he Dictator introduces moviegoers to the latest outlandish character from Sacha Baron Cohen: Admiral General Aladeen, a despot from the fictional North African nation of Wadiya who takes refuge in New York City after an assassination attempt. (Watch a trailer below.) Following Borat and Bruno, this is Cohen's third attempt to wrings laughs from a foreign character's ignorance of Western culture and societal norms. Is The Dictator, which hits theaters Wednesday, as fresh and despicably delicious as those first two hits?
Cohen's shtick has gotten old: The Dictator settles it, says Rene Rodriguez at The Miami Herald. The fish-out-of-water formula Cohen "created with Borat and then started to milk dry with Bruno has finally run out of juice." In one sense, Cohen deviates from formula this time, creating a conventional narrative film instead of foisting Cohen's characters on unsuspecting real-life victims Candid Camera-style. What a mistake. The payoff falls short "when it's actors reading lines instead of real people revealing their own biases." Plus, the flimsy script is more mean-spirited than funny. "Time to move on, guys."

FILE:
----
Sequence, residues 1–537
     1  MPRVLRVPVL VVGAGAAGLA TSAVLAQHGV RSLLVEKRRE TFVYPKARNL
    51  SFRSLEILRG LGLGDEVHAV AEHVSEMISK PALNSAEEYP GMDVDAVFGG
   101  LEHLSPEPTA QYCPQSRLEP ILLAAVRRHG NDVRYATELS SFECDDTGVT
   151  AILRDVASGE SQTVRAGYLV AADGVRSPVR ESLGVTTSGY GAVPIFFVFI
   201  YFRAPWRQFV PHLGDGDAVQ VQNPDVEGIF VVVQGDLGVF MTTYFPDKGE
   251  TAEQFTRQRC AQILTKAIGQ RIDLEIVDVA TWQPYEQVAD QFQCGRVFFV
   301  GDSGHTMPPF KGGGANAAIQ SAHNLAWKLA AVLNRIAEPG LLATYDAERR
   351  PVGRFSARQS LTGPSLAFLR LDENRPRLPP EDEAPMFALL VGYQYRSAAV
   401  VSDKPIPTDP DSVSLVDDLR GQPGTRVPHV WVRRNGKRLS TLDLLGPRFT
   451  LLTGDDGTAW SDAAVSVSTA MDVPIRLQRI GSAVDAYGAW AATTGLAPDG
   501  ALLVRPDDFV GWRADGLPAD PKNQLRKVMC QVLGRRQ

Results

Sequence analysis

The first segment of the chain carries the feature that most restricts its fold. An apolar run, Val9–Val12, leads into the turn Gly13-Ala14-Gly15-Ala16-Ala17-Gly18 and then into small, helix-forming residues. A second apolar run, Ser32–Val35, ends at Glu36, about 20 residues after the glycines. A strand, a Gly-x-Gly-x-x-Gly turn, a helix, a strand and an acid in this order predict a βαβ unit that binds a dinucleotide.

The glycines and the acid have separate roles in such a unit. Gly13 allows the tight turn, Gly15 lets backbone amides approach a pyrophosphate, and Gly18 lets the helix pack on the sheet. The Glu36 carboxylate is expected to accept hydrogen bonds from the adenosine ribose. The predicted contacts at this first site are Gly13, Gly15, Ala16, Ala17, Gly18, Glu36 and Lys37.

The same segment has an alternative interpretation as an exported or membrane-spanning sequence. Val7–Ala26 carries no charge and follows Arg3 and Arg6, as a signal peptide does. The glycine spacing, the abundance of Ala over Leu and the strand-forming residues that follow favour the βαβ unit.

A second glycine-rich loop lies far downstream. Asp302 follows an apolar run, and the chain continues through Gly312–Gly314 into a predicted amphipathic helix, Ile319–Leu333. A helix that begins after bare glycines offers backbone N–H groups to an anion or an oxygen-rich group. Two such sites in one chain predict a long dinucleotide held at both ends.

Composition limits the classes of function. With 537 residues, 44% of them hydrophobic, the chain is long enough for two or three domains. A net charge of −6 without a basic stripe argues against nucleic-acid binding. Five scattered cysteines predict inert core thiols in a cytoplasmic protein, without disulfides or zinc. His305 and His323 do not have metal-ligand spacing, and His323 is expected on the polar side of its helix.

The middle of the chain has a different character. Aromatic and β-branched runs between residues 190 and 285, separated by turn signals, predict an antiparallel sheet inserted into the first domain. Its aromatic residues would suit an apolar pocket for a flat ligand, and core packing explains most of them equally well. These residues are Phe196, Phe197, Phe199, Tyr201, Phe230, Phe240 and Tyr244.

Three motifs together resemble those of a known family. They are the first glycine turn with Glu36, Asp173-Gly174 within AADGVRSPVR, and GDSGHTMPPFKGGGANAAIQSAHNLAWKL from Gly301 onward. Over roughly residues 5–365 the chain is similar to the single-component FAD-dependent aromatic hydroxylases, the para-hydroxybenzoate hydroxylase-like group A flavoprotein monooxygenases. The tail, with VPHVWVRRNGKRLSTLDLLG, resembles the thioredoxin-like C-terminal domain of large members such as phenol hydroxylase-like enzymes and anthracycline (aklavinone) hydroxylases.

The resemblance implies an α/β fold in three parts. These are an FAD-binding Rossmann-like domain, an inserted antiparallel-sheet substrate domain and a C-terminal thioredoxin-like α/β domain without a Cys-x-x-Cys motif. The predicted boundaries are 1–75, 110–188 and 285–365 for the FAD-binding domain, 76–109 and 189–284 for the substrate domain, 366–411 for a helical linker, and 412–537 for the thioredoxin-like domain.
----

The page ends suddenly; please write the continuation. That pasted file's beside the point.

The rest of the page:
But Cohen's fans will love it: Though The Dictator "never feels as funny, full-on, or fresh" as Cohen's previous hits, his fans will be more than satisfied, says James Mottram at Total Film. The politically incorrect, nothing-is-sacred punchlines still score — including disarmingly funny jokes on child molestation and rape. Less successful: "Just about every bodily fluid is milked for laughs."
Actually, I predict a lot of people will like Cohen's switch to narrative storytelling: The Dictator is "bitingly funny," says Eric Kohn at Indie Wire. The narrative structure gives Cohen's film a polish his previous movies lacked, and is much more than "an endless barrage of 'gotcha!' moments." That allows Cohen to employ deranged, absurd bits that couldn't have existed in his earlier movies. And in the end, The Dictator's blending of slapstick and social commentary is as "hilariously provocative" as ever.
"The Dictator is a bitingly funny, clear-eyed look at capitalists, dictators, and where they meet"
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